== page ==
Delta II Launches from Vandenberg
(Photo by an edhat reader)
By an edhat subscriber
After two launch cancellations, one due to boats in the launch area and the second due to high winds a Delta II rocket was launched from Space Complex 2 Saturday morning at 1:47 am.
The payload consisted of a NOAA weather satellite, designated JPSS-1 and five cube satellites designed and made by students from MIT, Northwest University Nazarene, ID, Vanderbilt University, Embry-Riddle Aeronautical University and the Austrailian Department of Defense. The JPSS-1 satellite will orbit more than 500 miles above the earth and provide weather data for at least seven years.
The cubesats will measure weather data, monitor ionizing radiation effects on integrated circuits, measure satellite orbit decay and calibrate over the radar data. One more Delta II launch vehicle is scheduled after which other launch vehicles will be used. The rocket used six booster which accelerated the half million pound rocket faster than the speed of sound in 33 seconds.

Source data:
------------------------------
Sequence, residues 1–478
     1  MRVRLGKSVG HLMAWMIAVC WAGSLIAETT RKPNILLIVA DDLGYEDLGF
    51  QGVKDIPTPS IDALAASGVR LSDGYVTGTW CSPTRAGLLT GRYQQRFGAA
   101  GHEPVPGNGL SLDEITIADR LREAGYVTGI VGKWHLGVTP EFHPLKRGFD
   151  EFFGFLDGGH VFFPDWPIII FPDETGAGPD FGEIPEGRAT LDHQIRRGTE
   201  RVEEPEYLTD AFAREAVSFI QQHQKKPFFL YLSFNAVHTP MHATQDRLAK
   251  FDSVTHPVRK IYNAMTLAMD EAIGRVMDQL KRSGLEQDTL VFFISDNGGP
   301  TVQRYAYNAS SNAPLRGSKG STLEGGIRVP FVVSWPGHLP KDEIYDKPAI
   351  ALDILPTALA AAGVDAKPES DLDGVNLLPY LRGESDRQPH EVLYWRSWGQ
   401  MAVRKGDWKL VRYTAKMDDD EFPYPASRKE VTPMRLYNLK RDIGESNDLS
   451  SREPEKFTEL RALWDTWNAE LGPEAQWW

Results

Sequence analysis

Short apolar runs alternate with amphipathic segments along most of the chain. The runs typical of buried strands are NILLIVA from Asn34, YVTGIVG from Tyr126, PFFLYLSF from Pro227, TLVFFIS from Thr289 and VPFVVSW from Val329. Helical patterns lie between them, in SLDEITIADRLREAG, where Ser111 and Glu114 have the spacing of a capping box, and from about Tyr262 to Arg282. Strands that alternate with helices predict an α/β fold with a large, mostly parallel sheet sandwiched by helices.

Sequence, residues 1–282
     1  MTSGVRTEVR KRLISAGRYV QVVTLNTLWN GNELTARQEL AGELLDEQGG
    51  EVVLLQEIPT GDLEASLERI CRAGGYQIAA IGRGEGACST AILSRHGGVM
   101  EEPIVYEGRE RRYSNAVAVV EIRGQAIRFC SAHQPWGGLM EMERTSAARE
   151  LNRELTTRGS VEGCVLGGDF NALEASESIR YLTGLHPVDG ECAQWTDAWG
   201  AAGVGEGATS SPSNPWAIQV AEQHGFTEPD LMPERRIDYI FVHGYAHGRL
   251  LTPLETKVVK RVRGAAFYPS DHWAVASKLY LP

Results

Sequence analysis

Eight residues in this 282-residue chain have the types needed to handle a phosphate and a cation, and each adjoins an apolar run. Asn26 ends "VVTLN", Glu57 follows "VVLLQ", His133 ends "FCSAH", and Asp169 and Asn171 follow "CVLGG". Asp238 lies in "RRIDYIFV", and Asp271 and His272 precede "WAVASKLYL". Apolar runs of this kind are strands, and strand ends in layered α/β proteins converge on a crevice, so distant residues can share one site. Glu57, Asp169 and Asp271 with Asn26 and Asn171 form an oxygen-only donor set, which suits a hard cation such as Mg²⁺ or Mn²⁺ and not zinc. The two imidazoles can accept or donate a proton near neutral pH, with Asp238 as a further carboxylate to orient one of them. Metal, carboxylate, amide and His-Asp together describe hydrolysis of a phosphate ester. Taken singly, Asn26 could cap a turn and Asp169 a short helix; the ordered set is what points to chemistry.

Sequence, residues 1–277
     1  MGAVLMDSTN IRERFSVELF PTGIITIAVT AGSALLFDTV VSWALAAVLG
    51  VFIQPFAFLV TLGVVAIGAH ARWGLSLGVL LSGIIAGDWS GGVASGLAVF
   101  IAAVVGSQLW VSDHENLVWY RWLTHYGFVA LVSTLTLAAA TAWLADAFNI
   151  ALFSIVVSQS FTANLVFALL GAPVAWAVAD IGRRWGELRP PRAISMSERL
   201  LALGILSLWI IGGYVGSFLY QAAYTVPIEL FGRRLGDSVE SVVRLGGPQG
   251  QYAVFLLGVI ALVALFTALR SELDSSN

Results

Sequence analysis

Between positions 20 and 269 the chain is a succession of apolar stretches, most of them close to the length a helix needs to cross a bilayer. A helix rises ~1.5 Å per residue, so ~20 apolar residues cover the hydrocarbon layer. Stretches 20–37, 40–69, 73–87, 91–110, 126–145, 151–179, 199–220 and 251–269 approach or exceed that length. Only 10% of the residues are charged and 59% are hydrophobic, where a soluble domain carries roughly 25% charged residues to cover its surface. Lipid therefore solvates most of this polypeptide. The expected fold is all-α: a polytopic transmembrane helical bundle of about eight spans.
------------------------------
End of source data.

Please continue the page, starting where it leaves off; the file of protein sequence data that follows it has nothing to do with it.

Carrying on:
This 78 second time exposure was made 45 miles from the launch site in Goleta, California.
By Vandenberg Air Force Base
A United Launch Alliance Delta II rocket carrying a NASA/National Oceanic and Atmospheric Administration satellite was successfully launched from Space Launch Complex-2 here Saturday, Nov. 18, at 1:47 a.m. PST.
The Delta II rocket carried the first satellite of the Joint Polar Satellite System.
Col. Greg Wood, 30th Space Wing vice commander, was the space launch commander.
The Joint Polar Satellite System (JPSS) is the Nation's advanced series of polar-orbiting environmental satellites. JPSS represents significant technological and scientific advancements in observations used or severe weather prediction and environmental monitoring. This data is critical to the timeliness and accuracy of forecasts three to seven days in advance of a severe weather event. JPSS is a collaborative effort between NOAA and NASA.